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Attitude change and cognitive consistency

Attitude change and cognitive consistency
Attitude change and cognitive consistency
Human attitudes are influenced by a motivation to be consistent. For example, if students write essays supporting a tuition increase before their tuition actually increases, they typically report more positive attitudes toward the change. When attitudes shift in order to be more consistent with behavior, this shift may reflect an underlying desire to reduce an inconsistent state known as ‘cognitive dissonance.’ Although this phenomenon has been studied extensively in social psychology, its neural mechanisms remain unknown. Recently, social neuroscience studies have begun to shed light on the neural bases of attitude change following cognitive inconsistency. These studies have implicated several brain regions, including the posterior medial frontal cortex, anterior insula, and dorsolateral prefrontal cortex.
247-250
Elsevier
Izuma, Keise
67894464-b2eb-4834-9727-c2a870587e5a
Izuma, Keise
67894464-b2eb-4834-9727-c2a870587e5a

Izuma, Keise (2015) Attitude change and cognitive consistency. In, Brain Mapping: An Encyclopedic Reference. Elsevier, pp. 247-250. (doi:10.1016/B978-0-12-397025-1.00188-3).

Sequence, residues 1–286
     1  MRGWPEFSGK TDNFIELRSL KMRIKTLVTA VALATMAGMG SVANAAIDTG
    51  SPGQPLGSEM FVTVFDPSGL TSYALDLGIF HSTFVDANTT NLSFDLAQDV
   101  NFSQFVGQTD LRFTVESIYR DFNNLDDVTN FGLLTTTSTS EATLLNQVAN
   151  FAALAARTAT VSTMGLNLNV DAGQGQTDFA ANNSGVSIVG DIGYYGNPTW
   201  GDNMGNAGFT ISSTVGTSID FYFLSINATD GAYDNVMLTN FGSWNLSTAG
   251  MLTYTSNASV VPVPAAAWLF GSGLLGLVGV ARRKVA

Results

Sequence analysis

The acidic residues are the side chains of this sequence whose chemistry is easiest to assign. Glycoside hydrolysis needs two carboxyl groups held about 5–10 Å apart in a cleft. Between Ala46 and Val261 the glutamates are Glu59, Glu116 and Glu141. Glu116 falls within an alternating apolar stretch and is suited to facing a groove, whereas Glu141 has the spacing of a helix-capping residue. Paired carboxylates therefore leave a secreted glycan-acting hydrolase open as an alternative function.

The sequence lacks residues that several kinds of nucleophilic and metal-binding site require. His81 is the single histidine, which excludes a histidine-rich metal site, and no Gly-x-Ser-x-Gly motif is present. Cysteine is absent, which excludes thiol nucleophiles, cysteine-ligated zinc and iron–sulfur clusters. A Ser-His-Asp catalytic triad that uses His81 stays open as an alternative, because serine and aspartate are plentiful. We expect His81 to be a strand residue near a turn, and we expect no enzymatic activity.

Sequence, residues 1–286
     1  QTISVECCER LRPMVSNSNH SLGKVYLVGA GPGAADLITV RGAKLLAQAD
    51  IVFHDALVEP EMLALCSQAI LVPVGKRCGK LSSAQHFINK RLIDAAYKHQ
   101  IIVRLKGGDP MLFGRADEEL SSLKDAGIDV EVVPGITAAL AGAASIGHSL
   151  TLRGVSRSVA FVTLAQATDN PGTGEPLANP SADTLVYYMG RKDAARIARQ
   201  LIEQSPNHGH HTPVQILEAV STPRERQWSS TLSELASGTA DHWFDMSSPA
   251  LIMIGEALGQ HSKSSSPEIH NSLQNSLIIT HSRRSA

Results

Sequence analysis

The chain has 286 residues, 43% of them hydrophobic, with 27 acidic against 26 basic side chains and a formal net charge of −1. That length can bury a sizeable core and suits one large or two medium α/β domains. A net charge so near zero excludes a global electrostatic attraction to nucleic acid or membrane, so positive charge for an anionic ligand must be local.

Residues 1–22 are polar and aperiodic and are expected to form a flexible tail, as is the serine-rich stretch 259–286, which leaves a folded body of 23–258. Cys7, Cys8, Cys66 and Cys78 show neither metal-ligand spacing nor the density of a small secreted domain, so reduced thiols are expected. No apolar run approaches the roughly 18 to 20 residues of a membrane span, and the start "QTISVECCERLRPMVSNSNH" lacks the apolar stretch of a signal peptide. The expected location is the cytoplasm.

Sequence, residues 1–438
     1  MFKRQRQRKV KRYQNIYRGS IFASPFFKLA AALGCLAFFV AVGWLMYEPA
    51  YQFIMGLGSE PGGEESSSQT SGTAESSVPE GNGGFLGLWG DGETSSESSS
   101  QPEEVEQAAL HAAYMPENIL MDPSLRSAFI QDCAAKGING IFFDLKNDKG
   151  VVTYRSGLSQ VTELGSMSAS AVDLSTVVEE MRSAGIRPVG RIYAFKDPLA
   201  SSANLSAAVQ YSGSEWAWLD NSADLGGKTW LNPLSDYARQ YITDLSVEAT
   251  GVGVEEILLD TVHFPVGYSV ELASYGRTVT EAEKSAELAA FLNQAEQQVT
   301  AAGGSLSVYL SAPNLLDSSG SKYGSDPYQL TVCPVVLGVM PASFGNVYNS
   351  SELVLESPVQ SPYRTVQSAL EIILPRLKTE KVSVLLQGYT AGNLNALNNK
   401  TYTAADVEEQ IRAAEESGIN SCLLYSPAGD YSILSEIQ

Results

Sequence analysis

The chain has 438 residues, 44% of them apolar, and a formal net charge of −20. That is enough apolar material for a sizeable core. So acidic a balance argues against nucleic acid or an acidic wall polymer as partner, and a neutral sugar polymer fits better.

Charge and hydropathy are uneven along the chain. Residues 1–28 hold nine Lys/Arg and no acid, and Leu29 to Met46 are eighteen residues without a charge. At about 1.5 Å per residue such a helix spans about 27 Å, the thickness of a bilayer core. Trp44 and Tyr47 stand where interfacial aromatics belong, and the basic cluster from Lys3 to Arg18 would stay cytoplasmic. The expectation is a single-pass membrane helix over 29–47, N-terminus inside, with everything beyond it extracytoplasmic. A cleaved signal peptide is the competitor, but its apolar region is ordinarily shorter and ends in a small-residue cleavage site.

Record type: Book Section

Abstract

Human attitudes are influenced by a motivation to be consistent. For example, if students write essays supporting a tuition increase before their tuition actually increases, they typically report more positive attitudes toward the change. When attitudes shift in order to be more consistent with behavior, this shift may reflect an underlying desire to reduce an inconsistent state known as ‘cognitive dissonance.’ Although this phenomenon has been studied extensively in social psychology, its neural mechanisms remain unknown. Recently, social neuroscience studies have begun to shed light on the neural bases of attitude change following cognitive inconsistency. These studies have implicated several brain regions, including the posterior medial frontal cortex, anterior insula, and dorsolateral prefrontal cortex.

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Published date: 2015

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Local EPrints ID: 425201
URI: https://eprints.soton.ac.uk/id/eprint/425201
PURE UUID: 56e6585d-8180-42b0-8bce-c660c0c0492b

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Date deposited: 11 Oct 2018 16:30
Last modified: 11 Oct 2018 16:30

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